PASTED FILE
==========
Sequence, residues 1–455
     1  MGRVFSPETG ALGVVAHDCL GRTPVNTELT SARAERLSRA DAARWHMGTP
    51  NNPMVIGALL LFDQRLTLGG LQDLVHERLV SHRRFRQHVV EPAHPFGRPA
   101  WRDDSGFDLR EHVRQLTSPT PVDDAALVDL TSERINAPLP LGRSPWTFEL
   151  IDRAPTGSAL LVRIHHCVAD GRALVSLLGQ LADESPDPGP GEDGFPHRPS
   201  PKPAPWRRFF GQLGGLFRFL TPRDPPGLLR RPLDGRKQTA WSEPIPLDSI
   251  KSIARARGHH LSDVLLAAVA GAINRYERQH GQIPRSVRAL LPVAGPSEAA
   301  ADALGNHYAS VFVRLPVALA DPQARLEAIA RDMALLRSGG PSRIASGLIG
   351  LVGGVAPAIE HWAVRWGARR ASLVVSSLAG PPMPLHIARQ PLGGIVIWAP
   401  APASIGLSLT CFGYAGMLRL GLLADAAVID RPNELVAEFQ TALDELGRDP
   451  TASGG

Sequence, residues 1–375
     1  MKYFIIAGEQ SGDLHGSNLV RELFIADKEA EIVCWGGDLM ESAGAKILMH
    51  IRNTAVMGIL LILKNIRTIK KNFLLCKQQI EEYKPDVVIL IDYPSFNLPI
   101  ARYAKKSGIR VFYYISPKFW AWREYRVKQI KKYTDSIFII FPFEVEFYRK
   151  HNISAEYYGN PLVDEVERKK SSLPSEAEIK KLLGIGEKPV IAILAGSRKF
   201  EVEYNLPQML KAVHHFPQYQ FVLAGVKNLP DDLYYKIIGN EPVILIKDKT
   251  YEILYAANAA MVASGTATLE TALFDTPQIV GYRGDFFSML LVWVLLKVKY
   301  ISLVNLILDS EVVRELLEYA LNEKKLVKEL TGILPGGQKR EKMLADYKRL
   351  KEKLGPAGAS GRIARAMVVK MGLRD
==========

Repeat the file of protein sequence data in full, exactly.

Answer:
Sequence, residues 1–455
     1  MGRVFSPETG ALGVVAHDCL GRTPVNTELT SARAERLSRA DAARWHMGTP
    51  NNPMVIGALL LFDQRLTLGG LQDLVHERLV SHRRFRQHVV EPAHPFGRPA
   101  WRDDSGFDLR EHVRQLTSPT PVDDAALVDL TSERINAPLP LGRSPWTFEL
   151  IDRAPTGSAL LVRIHHCVAD GRALVSLLGQ LADESPDPGP GEDGFPHRPS
   201  PKPAPWRRFF GQLGGLFRFL TPRDPPGLLR RPLDGRKQTA WSEPIPLDSI
   251  KSIARARGHH LSDVLLAAVA GAINRYERQH GQIPRSVRAL LPVAGPSEAA
   301  ADALGNHYAS VFVRLPVALA DPQARLEAIA RDMALLRSGG PSRIASGLIG
   351  LVGGVAPAIE HWAVRWGARR ASLVVSSLAG PPMPLHIARQ PLGGIVIWAP
   401  APASIGLSLT CFGYAGMLRL GLLADAAVID RPNELVAEFQ TALDELGRDP
   451  TASGG

Sequence, residues 1–375
     1  MKYFIIAGEQ SGDLHGSNLV RELFIADKEA EIVCWGGDLM ESAGAKILMH
    51  IRNTAVMGIL LILKNIRTIK KNFLLCKQQI EEYKPDVVIL IDYPSFNLPI
   101  ARYAKKSGIR VFYYISPKFW AWREYRVKQI KKYTDSIFII FPFEVEFYRK
   151  HNISAEYYGN PLVDEVERKK SSLPSEAEIK KLLGIGEKPV IAILAGSRKF
   201  EVEYNLPQML KAVHHFPQYQ FVLAGVKNLP DDLYYKIIGN EPVILIKDKT
   251  YEILYAANAA MVASGTATLE TALFDTPQIV GYRGDFFSML LVWVLLKVKY
   301  ISLVNLILDS EVVRELLEYA LNEKKLVKEL TGILPGGQKR EKMLADYKRL
   351  KEKLGPAGAS GRIARAMVVK MGLRD